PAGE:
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There are currently nine protected characteristics; sex, gender reassignment, being married or in a civil partnership, being pregnant or on maternity leave, race, disability, sexual orientation, religion or belief and age.

The definition of ‘race’ is non-exhaustive.  The Equality Act 2010 states that race ‘includescolour; nationality, ethnic or national origin‘ (emphasis added). It is therefore possible to argue that factors other than colour, nationality, ethnic origin and national origin are also covered by the legislation if they fall within the umbrella of ‘race’. However, the provisions of the Act relating to race do not expressly prohibit discrimination against a person because of their caste.

Change is now looming and we are set to see the introduction of a tenth protected characteristic (that of caste) in 2015.

What is a person’s caste?

The definition of ‘caste’ has caused much debate; it can mean different things to different groups. However, the explanatory notes to the Equality Act 2010 state:

The term ‘caste’ denotes a hereditary, endogamous (marrying within the group) community associated with a traditional occupation and ranked accordingly on a perceived scale of ritual purity.  It is generally (but not exclusively) associated with South Asia, particularly India, and its diaspora’.

Why do we need the legislation? 

When the Equality Act 2010 was first introduced, the Government decided not to expand the wording of the legislation to cover caste. The decision appeared to be based on the reasoning that there was no real evidence of caste discrimination in British workplaces. However, it did commit to keep the position under review and to consider the results of research on the topic.

In October 2013, the European Parliament debated and then adopted a resolution on caste discrimination calling on the Commission to ‘…recognise caste as a distinct form of discrimination rooted in the social and/or religious context which must be tackled…’. This signified a strong political desire to act on the issue.

A power to make caste an aspect of race discrimination within the UK was implemented in June 2013. However, the Government committed to undertake a widespread public consultation before the detail of any new legislation was implemented. The consultation is due to take place in Autumn 2014.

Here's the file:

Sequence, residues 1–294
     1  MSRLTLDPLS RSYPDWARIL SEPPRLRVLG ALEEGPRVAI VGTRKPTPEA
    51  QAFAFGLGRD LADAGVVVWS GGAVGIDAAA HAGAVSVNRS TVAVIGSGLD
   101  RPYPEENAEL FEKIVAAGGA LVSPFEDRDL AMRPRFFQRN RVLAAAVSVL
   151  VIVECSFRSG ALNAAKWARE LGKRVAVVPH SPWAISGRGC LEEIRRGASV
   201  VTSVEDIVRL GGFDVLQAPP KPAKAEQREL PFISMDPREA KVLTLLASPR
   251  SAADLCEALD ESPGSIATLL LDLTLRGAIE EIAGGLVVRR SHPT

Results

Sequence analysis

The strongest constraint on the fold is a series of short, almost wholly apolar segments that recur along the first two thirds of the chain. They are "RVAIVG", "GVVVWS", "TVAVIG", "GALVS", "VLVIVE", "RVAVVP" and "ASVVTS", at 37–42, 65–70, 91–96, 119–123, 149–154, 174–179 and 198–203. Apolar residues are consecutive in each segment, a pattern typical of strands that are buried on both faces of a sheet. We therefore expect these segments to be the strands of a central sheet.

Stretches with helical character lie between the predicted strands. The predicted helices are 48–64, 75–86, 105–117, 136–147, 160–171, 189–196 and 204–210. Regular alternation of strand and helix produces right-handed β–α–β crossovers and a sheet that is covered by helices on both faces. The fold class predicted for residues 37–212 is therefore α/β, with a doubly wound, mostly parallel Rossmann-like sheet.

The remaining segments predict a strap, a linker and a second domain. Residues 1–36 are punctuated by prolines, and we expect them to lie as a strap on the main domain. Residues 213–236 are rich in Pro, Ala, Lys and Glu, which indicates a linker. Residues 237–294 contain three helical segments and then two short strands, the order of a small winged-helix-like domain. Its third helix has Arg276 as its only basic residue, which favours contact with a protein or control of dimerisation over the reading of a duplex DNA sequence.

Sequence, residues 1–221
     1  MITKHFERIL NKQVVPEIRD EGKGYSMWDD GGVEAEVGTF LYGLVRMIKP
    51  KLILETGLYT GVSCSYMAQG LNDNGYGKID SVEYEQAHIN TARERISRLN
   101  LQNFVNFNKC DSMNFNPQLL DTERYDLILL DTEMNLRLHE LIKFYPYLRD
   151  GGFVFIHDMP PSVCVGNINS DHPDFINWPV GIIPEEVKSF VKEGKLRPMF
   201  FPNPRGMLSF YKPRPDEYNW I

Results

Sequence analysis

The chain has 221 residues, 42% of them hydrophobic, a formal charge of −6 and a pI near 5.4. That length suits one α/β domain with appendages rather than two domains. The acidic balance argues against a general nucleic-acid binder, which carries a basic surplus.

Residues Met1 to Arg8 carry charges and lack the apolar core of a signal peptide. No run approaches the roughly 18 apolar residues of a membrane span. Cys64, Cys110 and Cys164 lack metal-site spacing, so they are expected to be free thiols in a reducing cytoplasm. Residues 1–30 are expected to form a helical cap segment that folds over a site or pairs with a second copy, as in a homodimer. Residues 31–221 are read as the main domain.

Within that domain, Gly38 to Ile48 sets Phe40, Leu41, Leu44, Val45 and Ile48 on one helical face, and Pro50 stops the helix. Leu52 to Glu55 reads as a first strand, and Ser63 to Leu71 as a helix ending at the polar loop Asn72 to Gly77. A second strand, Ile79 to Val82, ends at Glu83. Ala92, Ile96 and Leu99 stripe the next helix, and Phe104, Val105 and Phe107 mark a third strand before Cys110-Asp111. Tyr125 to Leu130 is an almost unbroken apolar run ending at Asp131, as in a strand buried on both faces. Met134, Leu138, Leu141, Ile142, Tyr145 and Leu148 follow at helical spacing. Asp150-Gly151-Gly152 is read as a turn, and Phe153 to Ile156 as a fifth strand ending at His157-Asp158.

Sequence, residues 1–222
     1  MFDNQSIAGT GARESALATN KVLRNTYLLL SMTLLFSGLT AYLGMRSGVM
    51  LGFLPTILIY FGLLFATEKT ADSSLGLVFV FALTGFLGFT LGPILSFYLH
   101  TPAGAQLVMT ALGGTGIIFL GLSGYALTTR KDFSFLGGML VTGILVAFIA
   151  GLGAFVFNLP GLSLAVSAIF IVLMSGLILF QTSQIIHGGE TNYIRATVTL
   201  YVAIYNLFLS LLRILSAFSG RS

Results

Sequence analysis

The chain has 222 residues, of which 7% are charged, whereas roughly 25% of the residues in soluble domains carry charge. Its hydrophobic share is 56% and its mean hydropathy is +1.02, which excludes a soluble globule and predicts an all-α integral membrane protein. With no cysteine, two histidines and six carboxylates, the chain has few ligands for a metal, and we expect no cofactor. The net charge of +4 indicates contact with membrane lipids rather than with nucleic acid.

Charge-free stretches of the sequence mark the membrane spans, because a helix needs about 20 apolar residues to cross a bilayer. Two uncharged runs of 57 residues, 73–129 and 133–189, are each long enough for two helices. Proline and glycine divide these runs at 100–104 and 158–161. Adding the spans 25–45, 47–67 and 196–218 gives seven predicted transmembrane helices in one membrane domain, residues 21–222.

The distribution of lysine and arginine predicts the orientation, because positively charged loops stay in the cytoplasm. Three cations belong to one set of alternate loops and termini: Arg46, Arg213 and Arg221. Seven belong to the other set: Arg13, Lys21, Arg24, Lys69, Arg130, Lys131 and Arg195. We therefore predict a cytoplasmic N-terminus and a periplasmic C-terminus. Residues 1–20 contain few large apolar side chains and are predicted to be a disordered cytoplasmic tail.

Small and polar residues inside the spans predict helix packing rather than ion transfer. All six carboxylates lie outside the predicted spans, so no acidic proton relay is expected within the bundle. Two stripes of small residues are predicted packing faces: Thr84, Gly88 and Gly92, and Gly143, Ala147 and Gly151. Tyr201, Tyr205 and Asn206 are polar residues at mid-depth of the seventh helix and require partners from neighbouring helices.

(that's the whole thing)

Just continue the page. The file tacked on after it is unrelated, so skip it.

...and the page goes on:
So, is it currently possible to discriminate against a person because of their caste under the current law? 

Unfortunately the position is currently unclear; employment tribunals appear to be approaching the issue differently. In one recent case*, the Employment Judge concluded that the Equality Act can and should be construed in such a way so as to provide that caste discrimination is to be part of the protected characteristic of race. Other tribunals though have concluded that as no order has yet been made explicitly extending the Act to include caste as an aspect of race this is not, as yet, a legally protected characteristic.

What does all of this mean for employers?

The likely introduction, in 2015, of legislation pertaining to caste will mean that your equality and diversity policy (and other affected policies) will need updating to reflect the new law. Ultimately however, and particularly in light of the Employment Judge’s views in the above case*, caste discrimination is arguably relevant now and should consequently be incorporated into your training, policies and workplace mind-set in the same way as the other aspects of race discrimination.

This blog post was edited by Merran Sewell. For more information, email blogs@gateleyuk.com.

*Tirkey v Chandok


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This blog is intended only as a synopsis of certain recent developments. If any matter referred to in this blog is sought to be relied upon, further advice should be obtained.